The Church, brothers and sisters, is the body of Christ, all the member organs of which are in constant contact, endlessly acting and living, and the life of the Church is a vineyard demanding constant care and cultivation. This is how women who hold the Myrrh-Bearers as their ideal cultivate the vineyard.

When Christ was born and the shepherds came to worship the Divine Infant, they hear angelic singing! Blessed are the women who take the gift the Lord gave them to the Church, and just like angels praise the Lord in church singing, gaining great pleasure themselves and bringing great joy to the worshipers. Blessed are the women who as members of their parish sisterhood voluntarily and with self-sacrifice take on the noble duty of tending to the good order and adornment of the temple, who care for its vestments, who organize trapeza feasts, tend to the poor, etc. What joy, for instance, have the sisters of our little church here bring to us when on Holy Pascha they provided the white vestments to the clergymen and even the altar boys! This was no mean feat, and their labors, on top of their daily tasks at home, must be appreciated.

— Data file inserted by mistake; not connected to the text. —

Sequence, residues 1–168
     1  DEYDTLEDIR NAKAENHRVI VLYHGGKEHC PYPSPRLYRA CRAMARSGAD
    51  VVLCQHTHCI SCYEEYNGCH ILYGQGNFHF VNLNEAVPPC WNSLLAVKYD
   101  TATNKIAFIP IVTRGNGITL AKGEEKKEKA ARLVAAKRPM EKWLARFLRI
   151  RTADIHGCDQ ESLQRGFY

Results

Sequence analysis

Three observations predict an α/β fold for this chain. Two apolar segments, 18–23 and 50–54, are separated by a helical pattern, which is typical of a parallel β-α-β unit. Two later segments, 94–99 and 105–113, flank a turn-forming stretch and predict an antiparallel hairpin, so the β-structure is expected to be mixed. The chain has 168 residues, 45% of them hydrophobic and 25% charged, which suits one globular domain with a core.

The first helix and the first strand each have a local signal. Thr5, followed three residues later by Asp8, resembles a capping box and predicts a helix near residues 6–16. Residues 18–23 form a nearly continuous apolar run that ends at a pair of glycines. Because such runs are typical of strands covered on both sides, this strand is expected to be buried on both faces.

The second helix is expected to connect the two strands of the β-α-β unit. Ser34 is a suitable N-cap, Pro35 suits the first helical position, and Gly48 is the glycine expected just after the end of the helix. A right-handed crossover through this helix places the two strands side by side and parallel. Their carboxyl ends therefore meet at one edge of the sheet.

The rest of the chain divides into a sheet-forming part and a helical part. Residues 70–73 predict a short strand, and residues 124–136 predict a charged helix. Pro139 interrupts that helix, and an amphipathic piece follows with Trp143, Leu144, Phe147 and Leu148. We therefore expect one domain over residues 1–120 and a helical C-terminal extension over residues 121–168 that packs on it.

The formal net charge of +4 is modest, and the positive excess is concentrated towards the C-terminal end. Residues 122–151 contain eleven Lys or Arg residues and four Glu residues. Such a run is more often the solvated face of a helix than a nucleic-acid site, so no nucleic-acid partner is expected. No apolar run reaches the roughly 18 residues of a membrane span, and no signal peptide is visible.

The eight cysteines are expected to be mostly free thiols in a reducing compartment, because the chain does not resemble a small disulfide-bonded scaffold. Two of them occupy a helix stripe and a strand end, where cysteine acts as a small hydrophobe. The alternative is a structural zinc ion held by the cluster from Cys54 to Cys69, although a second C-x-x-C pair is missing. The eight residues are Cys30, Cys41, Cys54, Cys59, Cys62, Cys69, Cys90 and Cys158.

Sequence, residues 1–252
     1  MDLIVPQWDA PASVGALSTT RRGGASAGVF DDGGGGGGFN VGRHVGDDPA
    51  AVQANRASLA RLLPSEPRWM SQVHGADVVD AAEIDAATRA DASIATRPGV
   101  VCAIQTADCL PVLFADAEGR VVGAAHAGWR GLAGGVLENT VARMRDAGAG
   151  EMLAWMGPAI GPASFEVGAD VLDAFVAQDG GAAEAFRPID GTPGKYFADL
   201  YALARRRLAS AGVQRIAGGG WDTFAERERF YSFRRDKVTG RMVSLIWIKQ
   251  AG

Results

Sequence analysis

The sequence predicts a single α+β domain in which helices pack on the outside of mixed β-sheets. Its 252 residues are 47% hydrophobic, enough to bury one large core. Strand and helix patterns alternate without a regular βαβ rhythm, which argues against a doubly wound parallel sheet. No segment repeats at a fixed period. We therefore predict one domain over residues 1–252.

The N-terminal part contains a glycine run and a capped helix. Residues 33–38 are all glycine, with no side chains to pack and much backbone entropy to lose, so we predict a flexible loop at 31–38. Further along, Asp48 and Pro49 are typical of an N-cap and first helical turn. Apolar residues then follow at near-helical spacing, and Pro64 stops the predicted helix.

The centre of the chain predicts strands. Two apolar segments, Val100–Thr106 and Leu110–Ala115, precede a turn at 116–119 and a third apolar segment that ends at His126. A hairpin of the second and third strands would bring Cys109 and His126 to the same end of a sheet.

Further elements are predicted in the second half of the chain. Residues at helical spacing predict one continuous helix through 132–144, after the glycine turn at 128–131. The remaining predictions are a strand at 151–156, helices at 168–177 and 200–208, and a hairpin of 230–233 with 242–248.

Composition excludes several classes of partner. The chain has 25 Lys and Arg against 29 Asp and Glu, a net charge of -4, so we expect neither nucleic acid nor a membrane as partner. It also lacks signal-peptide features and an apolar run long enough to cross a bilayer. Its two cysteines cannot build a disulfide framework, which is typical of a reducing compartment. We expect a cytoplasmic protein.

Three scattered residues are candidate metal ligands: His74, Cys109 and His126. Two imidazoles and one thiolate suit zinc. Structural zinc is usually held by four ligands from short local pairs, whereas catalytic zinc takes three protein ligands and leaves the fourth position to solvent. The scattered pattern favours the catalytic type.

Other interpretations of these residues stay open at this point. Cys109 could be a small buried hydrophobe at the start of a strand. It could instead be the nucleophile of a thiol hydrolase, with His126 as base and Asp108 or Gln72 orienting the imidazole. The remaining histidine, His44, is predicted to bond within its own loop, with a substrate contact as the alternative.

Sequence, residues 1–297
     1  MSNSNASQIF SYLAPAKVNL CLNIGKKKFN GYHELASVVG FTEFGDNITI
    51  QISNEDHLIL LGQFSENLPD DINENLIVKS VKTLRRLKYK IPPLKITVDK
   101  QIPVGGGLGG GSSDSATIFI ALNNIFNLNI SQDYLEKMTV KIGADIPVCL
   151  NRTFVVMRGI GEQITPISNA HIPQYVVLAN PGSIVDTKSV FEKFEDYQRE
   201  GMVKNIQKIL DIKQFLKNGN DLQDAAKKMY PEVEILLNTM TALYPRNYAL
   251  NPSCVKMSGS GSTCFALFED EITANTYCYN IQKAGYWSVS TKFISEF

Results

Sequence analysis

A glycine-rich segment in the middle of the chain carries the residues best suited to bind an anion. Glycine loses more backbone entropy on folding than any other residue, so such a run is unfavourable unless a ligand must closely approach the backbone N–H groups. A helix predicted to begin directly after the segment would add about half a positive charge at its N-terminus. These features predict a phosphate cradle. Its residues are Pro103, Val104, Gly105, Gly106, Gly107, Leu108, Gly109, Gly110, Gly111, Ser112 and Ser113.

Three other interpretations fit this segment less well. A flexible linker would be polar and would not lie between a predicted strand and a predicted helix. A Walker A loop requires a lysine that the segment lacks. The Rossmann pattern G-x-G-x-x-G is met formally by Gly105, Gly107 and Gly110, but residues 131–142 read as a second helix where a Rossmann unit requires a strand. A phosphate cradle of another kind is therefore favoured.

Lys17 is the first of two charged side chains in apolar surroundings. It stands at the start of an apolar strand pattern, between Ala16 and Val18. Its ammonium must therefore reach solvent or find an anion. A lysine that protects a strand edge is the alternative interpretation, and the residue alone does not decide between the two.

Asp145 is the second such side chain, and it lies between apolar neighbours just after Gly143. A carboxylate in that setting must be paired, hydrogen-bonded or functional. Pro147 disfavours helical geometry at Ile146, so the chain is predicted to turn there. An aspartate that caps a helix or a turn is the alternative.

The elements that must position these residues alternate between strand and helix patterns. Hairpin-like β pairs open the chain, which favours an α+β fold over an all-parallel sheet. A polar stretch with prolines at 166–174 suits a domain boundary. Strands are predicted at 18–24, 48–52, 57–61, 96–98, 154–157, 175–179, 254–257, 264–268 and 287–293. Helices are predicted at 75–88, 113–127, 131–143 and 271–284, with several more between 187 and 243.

Even if not all women can be constant members of the sisterhood and help with their duties, they can help in preparing for the great feast days of Pascha and Christmas, the parish feast day, when all sorts of menial tasks accumulate in tending to the church and its decoration. I noticed once with sadness when this glorious but onerous task was assumed by elderly women, while the younger women of the parish probably stayed home to watch television or otherwise amuse themselves.

Thanks to all those women who help in so many ways. Be bold, those of you who hold Christ in your hearts, to continue to serve Him and help your neighbor, as the Holy Myrrh-Bearing Women did. Do not live for yourselves alone. This would not only be egotistical, but wasteful, empty and pointless! Amen.

Croydon, Australia 
1965